There is some disagreement over the correct name for this species. We are using the original name, Spermacoce hispida, which has been accepted for conservation and is treated as the correct name in the 'World Checklist of Selected Plant Families' and many other recent publications. However, some other authorities still accept Borreria hispida[
Borreria articularis hispida (L.) Sivar. & Manilal
Borreria hispida (L.) K.Schum.
Spermacoce avana R.Br. ex G.Don
Spermacoce mutilata Blanco
Spermacoce rigida Salisb.
Common Name: Shaggy Button Weed
Spermacoce hispida is an annual to perennial, variable, creeping to erect, branched, short hairy herb, growing up to 15 cm tall[
The plant is used in traditional medicine in southeast Asia, the plant being harvested from the wild. It is also used as a vegetable in Sri Lanka, where it is sold in local markets[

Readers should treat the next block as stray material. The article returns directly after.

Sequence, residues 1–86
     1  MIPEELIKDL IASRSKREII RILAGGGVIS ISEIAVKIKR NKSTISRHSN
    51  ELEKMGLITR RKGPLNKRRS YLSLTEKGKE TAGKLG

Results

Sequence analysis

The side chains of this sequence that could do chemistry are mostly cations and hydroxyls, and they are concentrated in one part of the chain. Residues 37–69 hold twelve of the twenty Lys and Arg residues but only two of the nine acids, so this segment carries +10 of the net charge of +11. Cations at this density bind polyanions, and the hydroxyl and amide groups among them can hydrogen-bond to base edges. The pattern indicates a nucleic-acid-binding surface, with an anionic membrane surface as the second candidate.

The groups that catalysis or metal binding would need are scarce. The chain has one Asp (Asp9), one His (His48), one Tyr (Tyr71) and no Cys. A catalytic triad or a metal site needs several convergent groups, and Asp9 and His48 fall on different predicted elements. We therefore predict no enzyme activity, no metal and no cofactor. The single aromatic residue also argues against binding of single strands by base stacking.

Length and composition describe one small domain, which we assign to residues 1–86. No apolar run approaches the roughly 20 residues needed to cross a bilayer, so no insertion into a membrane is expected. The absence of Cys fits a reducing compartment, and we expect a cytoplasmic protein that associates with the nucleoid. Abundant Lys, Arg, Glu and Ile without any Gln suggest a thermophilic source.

E. Asia - southern China, India, Malaysia, Indonesia, Philippines.
Open sandy lands at lower elevations in southern China[
]. Behind beaches, in dry gardens, teak forests, along steep roadsides, on sandy soils, locally abundant, at elevations from sea-level up to 500 metres[
Leaves - eaten as a vegetable, usually with other plants[
The seeds have been recommended as a coffee substitute[
The plant is considered to be emetic[
The aerial parts of the plant are taken as a febrifuge[
], and are also considered to be stimulant and tonic[
Externally, the leaves are applied in poultices to treat headache - they appear to have a cooling effect on the head and so allay the pain somewhat[
]. They are also used as a poultice on wounds and sores[
A decoction of the leaves is considered an astringent and used to treat haemorrhoids[
A decoction of the root is used as an alterative[
]. The decoction is also used as a mouthwash for toothache[
The seeds are considered cooling and demulcent, and are given in the treatment of diarrhoea and dysentery[
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